A Special Kind of Chutzpah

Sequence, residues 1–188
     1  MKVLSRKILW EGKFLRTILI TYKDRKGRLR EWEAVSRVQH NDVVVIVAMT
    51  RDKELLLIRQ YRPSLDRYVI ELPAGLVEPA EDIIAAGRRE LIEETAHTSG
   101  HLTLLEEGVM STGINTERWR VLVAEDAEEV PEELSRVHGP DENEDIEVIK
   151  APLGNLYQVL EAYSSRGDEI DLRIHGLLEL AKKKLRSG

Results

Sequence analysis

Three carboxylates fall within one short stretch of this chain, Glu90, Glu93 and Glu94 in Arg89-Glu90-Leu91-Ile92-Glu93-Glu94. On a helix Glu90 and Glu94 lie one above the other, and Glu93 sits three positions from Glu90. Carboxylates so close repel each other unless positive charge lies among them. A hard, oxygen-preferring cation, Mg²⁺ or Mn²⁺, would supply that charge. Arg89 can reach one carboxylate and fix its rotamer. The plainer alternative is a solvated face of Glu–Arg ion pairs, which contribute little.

That’s what it takes for Jeff Amestoy to wax philosophical, in today’s Washington Post, about the “intersection where constitutional law meets direct democracy” in the state-level struggles over same-sex marriage. Why chutzpah? Because Amestoy–though bylined as “a former chief justice of the Vermont Supreme Court”–never identifies himself as the author of that court’s 1999 ruling in Baker v. State of Vermont, a brutally activist decision that held a gun to the state legislature’s head and said “choose between same-sex marriage and civil unions, for if you don’t create one or the other, we judges will do it for you.” And Amestoy and his colleagues got away with this brazen rewrite of the state’s constitution because, as they knew full well, Vermont (like many other older states in the east) has a constitution exceedingly difficult to change by legitimate amendment. Amestoy and his fellow usurpers are the reason Vermont has civil unions today, and is now on the brink of adopting full-fledged “marriage” for partners of the same sex. He had no respect for the constitutional prerogatives of the people then, and it’s hard to believe he’s grown any such scruples in the meantime.